1.0.0 • Public • Published


Makes event APIs behave in the standard way


Install with npm:

npm install --save normify-listeners


However you use the normify-listeners module, it is important that you call it before any of your other code so that its fixes are applied first.

CommonJS require():


ES2015 import:

import normifyListeners from 'normify-listeners';

Browser globals:

Download normify-listeners.js from the dist directory, and include in your HTML file:

<script src="normify-listeners.js"></script>


Use normify-listeners.js from the dist directory:

require( ['normify-listeners'], function( normifyListeners ){
} );


The normifyListeners( options ) function takes an options object with the following fields:

  • domOnly: If true (default), only window, document, and Element are patched. If false, only EventTarget is patched. Since EventTarget affects other prototypes like AudioContext and known issues only affect DOM objects, it's probably safer to use domOnly: true.

Known issues this lib resolves

  • Chrome 56 breaks support for the EventTarget.addEventListener function. Chrome assumes that all touch events should be passive unless explicitly specified otherwise --- even though older apps wouldn't be aware of the options parameter to addEventListener(). This makes all calls to event.preventDefault() fail.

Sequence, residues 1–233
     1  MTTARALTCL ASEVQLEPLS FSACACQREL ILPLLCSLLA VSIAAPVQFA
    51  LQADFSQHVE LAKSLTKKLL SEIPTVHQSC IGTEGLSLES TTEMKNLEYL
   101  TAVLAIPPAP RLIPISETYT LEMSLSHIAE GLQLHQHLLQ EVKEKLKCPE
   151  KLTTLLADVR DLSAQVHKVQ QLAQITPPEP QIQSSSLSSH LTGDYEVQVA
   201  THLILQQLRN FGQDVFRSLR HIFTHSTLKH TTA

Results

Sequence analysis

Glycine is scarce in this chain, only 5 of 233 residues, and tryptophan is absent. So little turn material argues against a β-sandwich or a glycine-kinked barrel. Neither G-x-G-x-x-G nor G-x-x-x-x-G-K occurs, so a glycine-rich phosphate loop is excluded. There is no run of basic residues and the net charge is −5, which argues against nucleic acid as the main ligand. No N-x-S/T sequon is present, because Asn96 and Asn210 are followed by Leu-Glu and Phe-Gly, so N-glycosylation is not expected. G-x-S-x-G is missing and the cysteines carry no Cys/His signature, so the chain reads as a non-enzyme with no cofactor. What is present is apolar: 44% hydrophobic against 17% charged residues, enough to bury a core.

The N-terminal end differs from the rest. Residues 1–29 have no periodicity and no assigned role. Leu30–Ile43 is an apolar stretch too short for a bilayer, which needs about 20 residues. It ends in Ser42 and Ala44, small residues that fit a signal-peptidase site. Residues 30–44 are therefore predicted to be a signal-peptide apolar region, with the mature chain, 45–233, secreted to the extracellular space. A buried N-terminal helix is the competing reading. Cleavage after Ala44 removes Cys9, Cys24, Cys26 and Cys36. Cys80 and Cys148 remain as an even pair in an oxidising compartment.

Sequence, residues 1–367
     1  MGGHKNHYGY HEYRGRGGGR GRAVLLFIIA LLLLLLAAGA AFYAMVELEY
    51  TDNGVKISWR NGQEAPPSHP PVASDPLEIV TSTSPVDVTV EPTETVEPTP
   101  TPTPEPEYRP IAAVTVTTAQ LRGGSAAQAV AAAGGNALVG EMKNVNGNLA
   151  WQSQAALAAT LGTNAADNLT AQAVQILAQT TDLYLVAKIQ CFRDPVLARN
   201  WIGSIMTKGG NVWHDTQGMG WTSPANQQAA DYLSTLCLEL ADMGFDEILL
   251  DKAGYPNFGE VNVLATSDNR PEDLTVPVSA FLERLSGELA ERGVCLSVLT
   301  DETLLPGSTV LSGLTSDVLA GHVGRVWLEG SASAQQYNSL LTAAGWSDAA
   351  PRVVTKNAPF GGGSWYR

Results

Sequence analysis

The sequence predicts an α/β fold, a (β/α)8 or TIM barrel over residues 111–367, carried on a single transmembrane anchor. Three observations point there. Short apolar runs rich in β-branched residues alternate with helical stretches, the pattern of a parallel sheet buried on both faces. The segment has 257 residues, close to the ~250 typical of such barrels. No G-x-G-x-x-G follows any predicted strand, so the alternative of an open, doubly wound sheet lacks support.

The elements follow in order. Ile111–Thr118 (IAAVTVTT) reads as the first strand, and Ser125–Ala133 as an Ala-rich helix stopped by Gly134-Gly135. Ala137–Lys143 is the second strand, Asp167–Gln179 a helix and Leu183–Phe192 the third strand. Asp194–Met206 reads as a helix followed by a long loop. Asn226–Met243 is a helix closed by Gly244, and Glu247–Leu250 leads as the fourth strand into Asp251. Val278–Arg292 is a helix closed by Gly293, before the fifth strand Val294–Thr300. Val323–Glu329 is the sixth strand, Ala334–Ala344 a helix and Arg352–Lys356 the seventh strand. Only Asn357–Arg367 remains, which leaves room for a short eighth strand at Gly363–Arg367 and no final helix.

• The addEventListener() function is normalised to make browsers that assume nonstandard behaviour use the correct, default options. The addEventListener() function is wrapped, passing the default options explicitly (options = { capture: false, once: false, passive: false }). This makes Chrome behave in line with standard, well-established behaviour: event.preventDefault() works properly by default, as it always has done.
    • References: W3C DOM Living Standard, Chromium bug #639227, WICG/interventions#18
  • The addition of the options parameter to the addEventListener() function means that passing a function could be misinterpreted by older browsers as useCapture == true.
    • Browser support for the options parameter of addEventListener() is checked in tandem with the third argument of addEventListener. This means you can always use the options parameter without having to worry about old browsers misinterpreting it as useCapture == true.


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  • maxkfranz